BMJ: ‘Adding a sulfonylurea to metformin looks safer than switching to one’

BMJ: ‘Adding a sulfonylurea to metformin looks safer than switching to one’

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  • BMJ: ‘Adding a sulfonylurea to metformin looks safer than switching to one’

    BMJ: ‘Adding a sulfonylurea to metformin looks safer than switching to one’

    Wednesday, 25 July 2018 13:55
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    DOACs associated with reduced risk of major bleeding compared to warfarin

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  • Recorded penicillin allergy associated with increased risk of MRSA and C difficile

    Recorded penicillin allergy associated with increased risk of MRSA and C difficile

    Tuesday, 03 July 2018 16:42
  • Syphilis and gonorrhoea diagnoses see significant increase

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    Monday, 11 June 2018 14:16
  • Anticholinergics linked to increased risk of dementia

    Anticholinergics linked to increased risk of dementia

    Monday, 30 April 2018 12:08

Umesh Modi is a chartered accountant, and Pamini Jatheeskumar is a chartered certified accountant at Silver Levene...
  Don Lavoie is alcohol programme manager at Public Health England and Gul Root is lead...
Don Lavoie is alcohol programme manager at Public Health England and Gul Root is lead pharmacist, Health and Wellbeing Directorate, Public Health England
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a pharmacist woman consultationFebruary 13 2018

Doctors should not initiate Esyma (ulipristal acetate) in women with uterine fibroids for the time being, the European Medicines Agency has advised.

Its Pharmacovigilance Risk Assessment Committee (PRAC) is currently reviewing the benefits and risks with Esmya, following reports of serious liver injury, including liver failure leading to transplantation, said the EMA. “No new patients should be started on Esmya and no patients who have completed a course of treatment should start another one for the time being.”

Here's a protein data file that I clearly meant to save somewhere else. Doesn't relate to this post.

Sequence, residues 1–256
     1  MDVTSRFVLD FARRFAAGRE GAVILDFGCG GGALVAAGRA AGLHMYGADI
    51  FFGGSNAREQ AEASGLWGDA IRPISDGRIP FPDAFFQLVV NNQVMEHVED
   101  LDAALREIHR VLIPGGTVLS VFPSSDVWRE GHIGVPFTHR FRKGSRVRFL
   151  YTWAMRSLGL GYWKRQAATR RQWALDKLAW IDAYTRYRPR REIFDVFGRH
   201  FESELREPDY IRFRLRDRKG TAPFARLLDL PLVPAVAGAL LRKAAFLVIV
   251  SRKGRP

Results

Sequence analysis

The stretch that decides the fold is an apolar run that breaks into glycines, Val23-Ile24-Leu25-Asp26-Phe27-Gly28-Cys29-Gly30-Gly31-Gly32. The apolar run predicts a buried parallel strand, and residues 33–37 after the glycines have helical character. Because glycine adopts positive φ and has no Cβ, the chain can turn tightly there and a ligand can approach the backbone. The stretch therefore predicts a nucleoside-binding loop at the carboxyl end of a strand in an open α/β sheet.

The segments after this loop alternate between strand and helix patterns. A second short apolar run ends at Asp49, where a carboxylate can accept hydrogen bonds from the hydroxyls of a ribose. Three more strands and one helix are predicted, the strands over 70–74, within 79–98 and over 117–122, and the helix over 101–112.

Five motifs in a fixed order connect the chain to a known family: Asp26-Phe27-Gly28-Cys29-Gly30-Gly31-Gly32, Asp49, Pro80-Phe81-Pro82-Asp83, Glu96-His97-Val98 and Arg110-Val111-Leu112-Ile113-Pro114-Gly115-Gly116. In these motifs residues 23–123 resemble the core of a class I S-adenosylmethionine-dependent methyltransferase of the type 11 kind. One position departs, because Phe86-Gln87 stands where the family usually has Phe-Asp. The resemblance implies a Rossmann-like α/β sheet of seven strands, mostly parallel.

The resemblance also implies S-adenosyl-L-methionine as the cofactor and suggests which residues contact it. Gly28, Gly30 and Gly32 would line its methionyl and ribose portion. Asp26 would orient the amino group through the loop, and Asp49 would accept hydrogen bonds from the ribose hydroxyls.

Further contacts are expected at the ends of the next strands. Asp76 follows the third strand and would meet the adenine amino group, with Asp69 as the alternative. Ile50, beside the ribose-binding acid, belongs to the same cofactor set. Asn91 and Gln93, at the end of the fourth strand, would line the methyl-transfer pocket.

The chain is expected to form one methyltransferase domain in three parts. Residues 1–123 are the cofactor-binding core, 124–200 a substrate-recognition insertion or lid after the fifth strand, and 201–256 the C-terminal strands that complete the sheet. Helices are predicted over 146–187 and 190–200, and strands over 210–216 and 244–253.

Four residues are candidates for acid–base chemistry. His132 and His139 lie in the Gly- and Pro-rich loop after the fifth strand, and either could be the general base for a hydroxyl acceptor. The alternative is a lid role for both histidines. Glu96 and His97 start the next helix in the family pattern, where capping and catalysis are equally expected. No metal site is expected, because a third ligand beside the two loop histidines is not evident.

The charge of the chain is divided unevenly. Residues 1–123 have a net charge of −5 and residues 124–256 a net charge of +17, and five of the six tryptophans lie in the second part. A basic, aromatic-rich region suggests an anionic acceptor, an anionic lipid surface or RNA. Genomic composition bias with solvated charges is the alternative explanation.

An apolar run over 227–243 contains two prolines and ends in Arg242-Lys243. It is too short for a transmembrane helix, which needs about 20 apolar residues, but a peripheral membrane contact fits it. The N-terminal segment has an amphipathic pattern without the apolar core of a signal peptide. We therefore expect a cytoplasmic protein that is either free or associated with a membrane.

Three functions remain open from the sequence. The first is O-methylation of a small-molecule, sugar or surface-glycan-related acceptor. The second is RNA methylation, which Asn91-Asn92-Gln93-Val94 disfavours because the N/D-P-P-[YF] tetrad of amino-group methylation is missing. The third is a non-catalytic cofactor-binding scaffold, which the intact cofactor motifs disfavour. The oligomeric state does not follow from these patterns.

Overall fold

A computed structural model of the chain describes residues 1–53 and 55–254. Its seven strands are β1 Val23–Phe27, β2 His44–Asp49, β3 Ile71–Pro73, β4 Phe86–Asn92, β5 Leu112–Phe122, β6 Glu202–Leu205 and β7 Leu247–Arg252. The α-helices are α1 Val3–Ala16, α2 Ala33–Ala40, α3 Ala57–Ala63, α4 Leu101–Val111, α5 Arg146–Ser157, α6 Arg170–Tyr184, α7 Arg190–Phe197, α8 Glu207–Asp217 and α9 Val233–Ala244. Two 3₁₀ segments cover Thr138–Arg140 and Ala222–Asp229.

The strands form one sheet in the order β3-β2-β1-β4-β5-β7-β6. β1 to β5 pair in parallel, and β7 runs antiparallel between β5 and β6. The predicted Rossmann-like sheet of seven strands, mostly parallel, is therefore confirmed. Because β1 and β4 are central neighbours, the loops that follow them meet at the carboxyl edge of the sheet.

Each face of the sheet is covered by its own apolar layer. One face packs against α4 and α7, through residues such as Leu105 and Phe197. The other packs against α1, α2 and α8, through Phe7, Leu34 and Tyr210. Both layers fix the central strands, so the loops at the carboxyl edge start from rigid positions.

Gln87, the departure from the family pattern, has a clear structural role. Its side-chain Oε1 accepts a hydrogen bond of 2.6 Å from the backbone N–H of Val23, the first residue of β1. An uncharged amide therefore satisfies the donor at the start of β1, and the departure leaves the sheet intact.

In addition, women taking Esmya for uterine fibroid should have regular liver monitoring. “All women taking Esmya should have a liver function test at least once a month during treatment. If the test is abnormal (liver enzyme levels more than 2 times the upper limit of normal), the healthcare professional should stop treatment and closely monitor the patient. Liver tests should be repeated 2 to 4 weeks after stopping treatment.

“For any patient with signs or symptoms consistent with liver injury (such as nausea, vomiting, right hypochondrial pain, anorexia, asthenia, jaundice), check transaminase levels immediately. If transaminase levels are more than 2 times the upper limit of normal, stop treatment and closely monitor the patient.”

The MHRA has also issued advice via the Central Alerting System advising of the PRAC recommendations. It points out: “The emergency contraceptive ellaOne also contains ulipristal acetate (single-dose, 30mg). No cases of serious liver injury have been reported with ellaOne and there are no concerns with this medicine at this time.”

The PRAC’s final recommendations will be forwarded to the Committee for Medicinal Products for Human Use (CHMP), responsible for questions concerning medicines for human use, which will adopt an opinion.

Links:  
EMA announcement    
MHRA CSA announcement       

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